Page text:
But there are many things, not just to our mind, which we cannot alter. Many young people fret over the limitations of their home, the narrowness of their opportunities. They think that if only they had the home and the opportunities of some envied neighbor, they would get on so much better and make so much more of their life! They have to work constantly on the farm or in the shop. They have no time for reading. Their home is without cheerfulness. They love it, of course—but it lacks the privileges they crave.
Now, what good can ever come from worrying over such things? The noble way is to accept the conditions that are hard—is to live cheerfully in them. Hard work is made easier—when one can sing at it. Burdens are made lighter—when one's heart is full of joy. When we acquiesce in any unpleasant experience, we have conquered the unpleasantness. A thoughtful writer says: "The soul loses command of itself when it is impatient, whereas, when it submits without a murmur, it possesses itself in peace, and possesses God. When we acquiesce in an evil, it is no longer such. Why make a real calamity of it by resistance? Peace does not dwell in outward things—but within the soul. We may preserve peace of heart in the midst of bitterest pain—if we remain trusting and submissive. Peace in this life springs from acquiescence, even in disagreeable things, not in exemption from bearing them."
Besides, the very hardness of our condition—is ofttimes that from which the greatest blessing comes. The world's best men—have not been grown in easy circumstances. Pampered, petted boys—do not usually make the heroes and the great men of their generation. Hardship in early years, nine times out of ten, is that which makes a man strong and stalwart and a power among men when he reaches his prime.
Herodotus wrote: "It is a law of nature that faint-hearted men should be the fruit of luxurious countries; for we never find that the same soil produces both delicacies and heroes." Therefore, instead of worrying over the rough, stern, and severe things in his environment, a healthy, wholesome boy ought to set to work to master them, and in mastering them—get strength and victoriousness for his own life.
A jeweler brought a large and beautiful onyx to an engraver of precious stones. "See how clear, pure, and transparent this stone is," said the jeweler. "What a fine one for your skill, were it not for this one fatal blemish!" Then he showed him at one point an underlying tinge of iron-rust, which, as he said, made the stone almost worthless.
But the engraver took it, and with matchless skill and delicacy wrought upon the stone, carving a graceful figure. By most ingenious and patient use of his engraving tool, he fashioned it so that what had seemed an irreparable blemish was made into a leopard-skin, on which rested the foot of the lovely figure—the contrasting colors enhancing the beauty of the lovely cameo.
This illustrates what God would have us do with the hard things in our condition. We think we can never make anything of our life, with all the discouraging things there are in our lot. Really, however we can make our life all the nobler, greater, stronger, more beautiful—by means of the very things which we think ruin us. We can make them yield new strength and beauty, for our character.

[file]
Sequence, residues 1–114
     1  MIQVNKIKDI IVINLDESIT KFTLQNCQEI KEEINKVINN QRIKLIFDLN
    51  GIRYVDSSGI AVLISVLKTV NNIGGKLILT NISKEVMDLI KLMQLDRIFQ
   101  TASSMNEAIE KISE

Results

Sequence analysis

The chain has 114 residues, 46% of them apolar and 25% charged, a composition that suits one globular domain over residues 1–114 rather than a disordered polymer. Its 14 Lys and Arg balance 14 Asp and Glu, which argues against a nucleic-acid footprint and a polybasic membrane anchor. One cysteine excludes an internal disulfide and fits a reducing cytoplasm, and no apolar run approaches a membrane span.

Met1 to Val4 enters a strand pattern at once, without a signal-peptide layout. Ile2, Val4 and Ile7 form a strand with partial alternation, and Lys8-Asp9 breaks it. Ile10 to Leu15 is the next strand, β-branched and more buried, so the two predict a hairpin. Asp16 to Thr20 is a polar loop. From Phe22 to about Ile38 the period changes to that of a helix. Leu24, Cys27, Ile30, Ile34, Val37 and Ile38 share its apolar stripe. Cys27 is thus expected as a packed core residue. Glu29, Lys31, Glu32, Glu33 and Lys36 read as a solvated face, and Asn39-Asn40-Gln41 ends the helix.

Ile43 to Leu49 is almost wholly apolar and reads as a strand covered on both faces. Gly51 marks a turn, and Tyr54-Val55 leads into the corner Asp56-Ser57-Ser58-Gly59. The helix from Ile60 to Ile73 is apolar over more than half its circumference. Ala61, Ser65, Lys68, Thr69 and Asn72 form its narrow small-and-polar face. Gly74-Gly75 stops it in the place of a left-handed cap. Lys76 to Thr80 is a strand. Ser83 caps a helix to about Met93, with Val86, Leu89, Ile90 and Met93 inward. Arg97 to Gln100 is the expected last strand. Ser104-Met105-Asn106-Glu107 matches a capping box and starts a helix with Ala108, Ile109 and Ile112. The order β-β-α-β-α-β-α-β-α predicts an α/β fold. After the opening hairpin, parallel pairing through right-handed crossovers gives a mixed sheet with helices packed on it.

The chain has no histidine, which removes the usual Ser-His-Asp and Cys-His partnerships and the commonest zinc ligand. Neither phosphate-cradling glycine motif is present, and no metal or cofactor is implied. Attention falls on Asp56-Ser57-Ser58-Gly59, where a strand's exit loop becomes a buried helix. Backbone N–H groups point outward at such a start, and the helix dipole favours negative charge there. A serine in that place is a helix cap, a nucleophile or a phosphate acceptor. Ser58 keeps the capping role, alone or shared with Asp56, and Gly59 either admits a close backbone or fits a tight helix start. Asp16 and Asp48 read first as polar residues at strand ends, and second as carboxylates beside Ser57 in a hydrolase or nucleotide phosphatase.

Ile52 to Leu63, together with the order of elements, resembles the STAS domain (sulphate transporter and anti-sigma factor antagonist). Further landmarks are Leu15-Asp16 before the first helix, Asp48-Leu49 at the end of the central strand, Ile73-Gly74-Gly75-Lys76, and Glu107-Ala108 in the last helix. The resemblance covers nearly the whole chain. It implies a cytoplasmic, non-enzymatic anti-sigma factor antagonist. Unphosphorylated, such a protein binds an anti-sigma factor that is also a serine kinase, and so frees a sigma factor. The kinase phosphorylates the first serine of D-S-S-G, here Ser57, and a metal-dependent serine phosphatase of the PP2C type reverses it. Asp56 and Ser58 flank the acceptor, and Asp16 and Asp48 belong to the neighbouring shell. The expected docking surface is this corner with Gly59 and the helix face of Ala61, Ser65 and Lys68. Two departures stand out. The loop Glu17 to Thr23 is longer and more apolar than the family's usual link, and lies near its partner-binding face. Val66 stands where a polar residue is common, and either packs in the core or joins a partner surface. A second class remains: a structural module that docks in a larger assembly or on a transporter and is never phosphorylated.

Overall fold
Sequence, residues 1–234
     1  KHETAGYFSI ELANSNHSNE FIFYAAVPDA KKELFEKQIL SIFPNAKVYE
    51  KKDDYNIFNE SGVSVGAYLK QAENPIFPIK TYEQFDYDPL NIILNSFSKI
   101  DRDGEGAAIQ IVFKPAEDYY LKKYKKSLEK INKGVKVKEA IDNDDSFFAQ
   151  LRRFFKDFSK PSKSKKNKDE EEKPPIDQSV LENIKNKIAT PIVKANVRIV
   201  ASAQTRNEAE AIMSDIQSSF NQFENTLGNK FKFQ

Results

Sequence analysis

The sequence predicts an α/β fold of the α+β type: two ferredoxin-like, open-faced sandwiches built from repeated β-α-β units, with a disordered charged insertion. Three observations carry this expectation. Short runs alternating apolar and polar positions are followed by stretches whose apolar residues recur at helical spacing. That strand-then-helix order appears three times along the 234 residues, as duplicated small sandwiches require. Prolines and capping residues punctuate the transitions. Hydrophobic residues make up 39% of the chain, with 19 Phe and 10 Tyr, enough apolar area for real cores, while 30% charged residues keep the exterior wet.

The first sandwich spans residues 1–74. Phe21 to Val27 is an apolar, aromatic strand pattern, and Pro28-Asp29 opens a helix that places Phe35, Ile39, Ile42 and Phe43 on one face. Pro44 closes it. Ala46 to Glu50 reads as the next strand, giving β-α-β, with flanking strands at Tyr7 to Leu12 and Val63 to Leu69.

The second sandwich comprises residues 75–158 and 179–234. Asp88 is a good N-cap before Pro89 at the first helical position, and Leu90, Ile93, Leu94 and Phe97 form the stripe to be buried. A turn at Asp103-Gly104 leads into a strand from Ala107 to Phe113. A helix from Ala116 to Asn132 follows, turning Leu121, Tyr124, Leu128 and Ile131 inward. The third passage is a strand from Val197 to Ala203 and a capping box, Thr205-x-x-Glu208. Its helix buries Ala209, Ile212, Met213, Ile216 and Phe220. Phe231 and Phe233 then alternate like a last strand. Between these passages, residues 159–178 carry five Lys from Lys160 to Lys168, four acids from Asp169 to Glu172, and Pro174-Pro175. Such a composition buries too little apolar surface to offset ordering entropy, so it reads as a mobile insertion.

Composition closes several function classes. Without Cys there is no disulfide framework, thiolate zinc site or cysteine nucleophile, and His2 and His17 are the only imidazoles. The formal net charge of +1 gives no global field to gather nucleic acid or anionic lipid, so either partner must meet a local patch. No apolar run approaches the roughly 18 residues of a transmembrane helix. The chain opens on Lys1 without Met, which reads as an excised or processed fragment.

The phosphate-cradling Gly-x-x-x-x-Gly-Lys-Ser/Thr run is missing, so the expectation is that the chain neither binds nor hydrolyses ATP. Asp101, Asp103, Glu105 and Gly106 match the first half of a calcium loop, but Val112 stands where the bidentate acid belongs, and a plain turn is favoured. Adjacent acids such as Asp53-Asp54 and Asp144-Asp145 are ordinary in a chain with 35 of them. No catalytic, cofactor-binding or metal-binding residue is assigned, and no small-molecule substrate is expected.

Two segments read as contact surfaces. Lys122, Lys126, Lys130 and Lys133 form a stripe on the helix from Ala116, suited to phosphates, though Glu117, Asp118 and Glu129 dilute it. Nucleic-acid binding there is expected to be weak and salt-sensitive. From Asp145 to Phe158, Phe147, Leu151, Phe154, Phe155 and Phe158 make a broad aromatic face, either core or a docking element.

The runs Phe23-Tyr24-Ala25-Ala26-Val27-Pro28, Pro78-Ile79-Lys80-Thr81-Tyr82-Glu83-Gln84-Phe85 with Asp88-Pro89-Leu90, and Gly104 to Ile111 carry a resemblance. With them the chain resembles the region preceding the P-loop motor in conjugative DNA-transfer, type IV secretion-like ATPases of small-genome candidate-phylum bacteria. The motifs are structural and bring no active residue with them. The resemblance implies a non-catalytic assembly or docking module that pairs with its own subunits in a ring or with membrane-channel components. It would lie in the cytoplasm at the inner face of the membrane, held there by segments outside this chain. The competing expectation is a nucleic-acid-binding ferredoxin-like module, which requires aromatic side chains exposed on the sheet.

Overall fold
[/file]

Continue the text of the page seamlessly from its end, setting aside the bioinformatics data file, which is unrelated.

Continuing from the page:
This is the way to treat the hard, discouraging things in life. It is useless to fret over them—fretting will never remove them, and it only weakens our energy and mars our life! But if we meet them with undismayed courage and persistent resolve, we shall conquer them, and in conquering them carve royalty of character and noble worth of ourselves.
Another of our Master's reasons why we should not worry—is that worrying is a sin. He says that the heathen worry. But they know no better. They have never learned about God and His fatherhood, and it is no wonder if they are anxious sometimes about the needs of their lives. But we know what God is. We have learned to call Him our Father. If we believe what we say we believe concerning our privileges as God's children—we ought not to worry. Worry is doubting God, unbelief. It dishonors Him whose love is infinite and eternal, and whose promises are so wide and full.
For, really, as Jesus tells us again—we have nothing to do with the care of our own life. We have only one thing to do: "Seek first the kingdom of God and His righteousness." The rest is God's responsibility, "And all these things shall be added unto you." When we grow anxious about food or clothing or shelter—we are taking the care of our life out of our Father's hand. We should learn to put the emphasis on our own duty. We never can be too careful at this point. We must leave no duty undone, no task neglected. We must not seek to care of ourselves by sinful means, by living dishonestly. Our part is to be true, loyal, and faithful. Then we may leave all the rest in God's hands.
At the close of His wonderful talk about worry, our Lord gives us a wonderful secret. He tells us that we should keep the fences up between the days. We must not bring tomorrow's cares—into today. The morrow must look to its own matters. When its cares actually come—it will be soon enough to take them up. This is a golden lesson—living by the day. We should learn it!
"One day at a time. A burden too great
To be borne for two—can be borne for one.
Who knows what will enter tomorrow's gate?
While yet we are speaking, all may be done.
"One day at a time. But a single day,
Whatever its load, whatever its length;
And there's a bit of precious Scripture to say
That according to each—shall be our strength."
He who learns the lesson, living without worrying, has mastered life. He is ready then to live sweetly and most effectively. It is said that the electro-dynamo is well-near perfect in its conservation of energy. Ninety-five percent of the force it generates is utilized—goes into light or power. If we can learn so to live so that only five percent of our energy is expended in friction or needless waste, we shall have learned indeed, in one sense at least—to make the most of our life. Many people have not learned to live in this economical way. They waste in anxious care—what they ought to use in lighting the world with their peace, or helping others with their strength. For nothing wastes life's energies more rapidly and more needlessly, than worry.